He was 22 when he lost the sight in his right eye in a spectacular car crash off a mountain road near Kaikoura.

He spent five weeks in hospital with a fractured neck.

He later recounted walking through Hagley Park in Christchurch with his tearful mother and vowing to himself “to try to always be positive, always believe things would turn out for the better”.

Twenty-four years ago Sir Paul and Wayne Johnson spurred each other on in a perilous swim through freezing waves to survive a fatal helicopter crash.

Mr Johnson, a cameraman, was one of five in the chopper that crashed into the sea off the East Coast in stormy conditions in June 1989. Another cameraman did not survive.

In his autobiography, Sir Paul recounted the high, cold waves and driving rain in the dark. He and Mr Johnson stayed close but couldn’t see each other. “I was nearly dead when I reached the shore, with no more than a few minutes of struggle left in me,” Sir Paul said later.

- Broadcaster cheated death five times,, February 2, 2013.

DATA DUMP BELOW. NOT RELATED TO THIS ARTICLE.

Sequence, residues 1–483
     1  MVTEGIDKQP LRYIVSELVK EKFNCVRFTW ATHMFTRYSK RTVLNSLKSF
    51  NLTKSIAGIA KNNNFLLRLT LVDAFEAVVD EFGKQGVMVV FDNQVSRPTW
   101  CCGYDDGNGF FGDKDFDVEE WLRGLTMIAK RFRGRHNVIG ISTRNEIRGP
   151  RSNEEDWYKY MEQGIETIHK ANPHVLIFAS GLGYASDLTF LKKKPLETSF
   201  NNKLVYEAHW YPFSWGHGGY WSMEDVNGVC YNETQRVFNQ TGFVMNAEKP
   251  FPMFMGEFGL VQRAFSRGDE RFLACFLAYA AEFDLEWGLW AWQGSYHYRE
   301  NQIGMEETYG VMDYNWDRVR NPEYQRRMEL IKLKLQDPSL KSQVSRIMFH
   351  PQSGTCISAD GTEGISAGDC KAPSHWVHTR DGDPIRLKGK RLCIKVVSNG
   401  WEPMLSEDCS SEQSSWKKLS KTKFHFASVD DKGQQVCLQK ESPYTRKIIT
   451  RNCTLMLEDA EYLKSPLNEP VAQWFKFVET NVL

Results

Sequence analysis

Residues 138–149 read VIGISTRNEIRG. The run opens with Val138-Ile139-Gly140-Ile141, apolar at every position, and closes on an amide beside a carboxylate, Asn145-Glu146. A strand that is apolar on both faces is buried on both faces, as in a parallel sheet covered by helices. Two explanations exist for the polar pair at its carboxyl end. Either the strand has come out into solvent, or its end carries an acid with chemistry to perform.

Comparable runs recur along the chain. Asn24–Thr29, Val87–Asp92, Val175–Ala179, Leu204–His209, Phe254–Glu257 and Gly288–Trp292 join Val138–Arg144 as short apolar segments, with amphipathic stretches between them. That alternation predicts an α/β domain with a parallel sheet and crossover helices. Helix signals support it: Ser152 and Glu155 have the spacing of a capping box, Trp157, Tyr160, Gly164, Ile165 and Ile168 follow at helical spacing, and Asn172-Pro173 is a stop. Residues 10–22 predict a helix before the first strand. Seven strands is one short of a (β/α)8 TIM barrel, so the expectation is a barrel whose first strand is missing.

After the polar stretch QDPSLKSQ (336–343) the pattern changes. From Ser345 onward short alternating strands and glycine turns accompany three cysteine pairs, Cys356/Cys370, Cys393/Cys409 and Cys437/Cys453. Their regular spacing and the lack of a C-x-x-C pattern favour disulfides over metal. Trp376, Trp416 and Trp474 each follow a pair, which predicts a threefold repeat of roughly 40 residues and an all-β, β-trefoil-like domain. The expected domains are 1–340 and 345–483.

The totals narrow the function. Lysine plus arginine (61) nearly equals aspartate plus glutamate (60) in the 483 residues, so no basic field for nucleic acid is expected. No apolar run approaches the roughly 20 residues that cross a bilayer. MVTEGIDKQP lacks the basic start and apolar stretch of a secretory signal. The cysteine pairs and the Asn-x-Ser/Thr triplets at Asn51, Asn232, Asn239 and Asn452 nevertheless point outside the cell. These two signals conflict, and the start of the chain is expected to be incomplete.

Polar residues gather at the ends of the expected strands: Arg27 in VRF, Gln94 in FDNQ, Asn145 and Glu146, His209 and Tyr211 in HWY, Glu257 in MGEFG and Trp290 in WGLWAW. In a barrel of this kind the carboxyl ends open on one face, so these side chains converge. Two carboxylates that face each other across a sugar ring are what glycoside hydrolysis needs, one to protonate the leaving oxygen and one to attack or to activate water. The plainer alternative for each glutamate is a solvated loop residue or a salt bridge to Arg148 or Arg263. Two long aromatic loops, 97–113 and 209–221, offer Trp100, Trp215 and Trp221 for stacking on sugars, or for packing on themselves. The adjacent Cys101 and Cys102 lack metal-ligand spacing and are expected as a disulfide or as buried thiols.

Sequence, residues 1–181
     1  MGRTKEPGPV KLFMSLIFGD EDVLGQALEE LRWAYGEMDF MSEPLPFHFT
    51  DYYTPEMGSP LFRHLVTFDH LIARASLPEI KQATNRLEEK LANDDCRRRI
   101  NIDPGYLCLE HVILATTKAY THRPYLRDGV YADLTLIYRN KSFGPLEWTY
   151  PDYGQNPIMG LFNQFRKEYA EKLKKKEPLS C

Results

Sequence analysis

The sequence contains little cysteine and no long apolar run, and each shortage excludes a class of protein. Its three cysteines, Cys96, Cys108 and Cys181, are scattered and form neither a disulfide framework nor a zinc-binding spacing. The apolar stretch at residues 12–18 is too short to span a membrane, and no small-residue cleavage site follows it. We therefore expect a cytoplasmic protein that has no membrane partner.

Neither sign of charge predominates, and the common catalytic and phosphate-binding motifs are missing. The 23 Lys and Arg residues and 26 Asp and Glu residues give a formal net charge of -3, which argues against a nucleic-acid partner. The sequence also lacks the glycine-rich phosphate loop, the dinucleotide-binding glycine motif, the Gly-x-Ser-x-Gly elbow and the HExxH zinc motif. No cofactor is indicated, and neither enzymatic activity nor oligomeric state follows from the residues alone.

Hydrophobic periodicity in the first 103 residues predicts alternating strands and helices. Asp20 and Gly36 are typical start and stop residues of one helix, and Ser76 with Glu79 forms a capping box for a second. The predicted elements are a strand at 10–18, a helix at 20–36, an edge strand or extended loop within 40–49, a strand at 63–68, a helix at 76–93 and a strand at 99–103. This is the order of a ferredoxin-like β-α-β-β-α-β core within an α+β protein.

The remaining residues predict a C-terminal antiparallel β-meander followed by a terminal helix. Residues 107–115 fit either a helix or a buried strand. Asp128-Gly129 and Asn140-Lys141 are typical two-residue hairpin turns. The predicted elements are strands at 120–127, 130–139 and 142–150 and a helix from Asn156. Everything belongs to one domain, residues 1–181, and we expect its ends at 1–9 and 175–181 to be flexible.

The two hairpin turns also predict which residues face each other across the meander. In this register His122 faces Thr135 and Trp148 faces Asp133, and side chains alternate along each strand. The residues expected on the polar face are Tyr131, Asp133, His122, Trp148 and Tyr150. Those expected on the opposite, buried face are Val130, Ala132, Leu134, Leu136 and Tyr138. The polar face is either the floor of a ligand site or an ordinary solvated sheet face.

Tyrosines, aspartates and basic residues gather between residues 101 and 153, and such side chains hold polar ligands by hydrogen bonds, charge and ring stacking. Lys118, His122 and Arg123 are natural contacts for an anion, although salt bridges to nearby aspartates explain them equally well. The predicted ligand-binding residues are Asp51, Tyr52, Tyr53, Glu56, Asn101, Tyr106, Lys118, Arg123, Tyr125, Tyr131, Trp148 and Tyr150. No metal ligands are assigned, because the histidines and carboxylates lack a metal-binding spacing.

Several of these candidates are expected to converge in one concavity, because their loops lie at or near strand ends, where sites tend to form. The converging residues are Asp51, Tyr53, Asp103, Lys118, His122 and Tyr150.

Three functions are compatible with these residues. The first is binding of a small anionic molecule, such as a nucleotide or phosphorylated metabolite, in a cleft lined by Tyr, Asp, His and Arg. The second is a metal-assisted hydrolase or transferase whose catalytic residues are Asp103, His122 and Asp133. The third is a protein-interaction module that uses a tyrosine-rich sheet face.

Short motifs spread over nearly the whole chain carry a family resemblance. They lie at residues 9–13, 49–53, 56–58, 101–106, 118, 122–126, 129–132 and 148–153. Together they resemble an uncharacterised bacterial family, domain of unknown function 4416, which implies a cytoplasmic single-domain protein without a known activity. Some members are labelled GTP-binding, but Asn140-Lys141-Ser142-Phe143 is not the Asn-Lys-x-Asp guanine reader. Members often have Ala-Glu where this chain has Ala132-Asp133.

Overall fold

3. UK billboard adverts proclaiming pomegranate juice could ‘cheat death’ have been deemed misleading and must not appear again, according to the voluntary advertising body there. The Advertising Standards Authority (ASA) ruled against the ad which contained a bottle of the juice of global pomegranate juice leader, POM Wonderful, and a cut hangman’s noose.

ASA said the ad must not appear again in its current form, after it received 23 complaints from the public. A POM Wonderful UK spokesperson told the ads were pulled late last year.

The POM Wonderful superjuice ad contained the phrase: “Cheat death. The antioxidant power of pomegranate juice”, and while ASA acknowledged there was no intention on the part of Pom Wonderful to deliberately mislead or “make an objective claim about longer life”, it still found the ad problematic.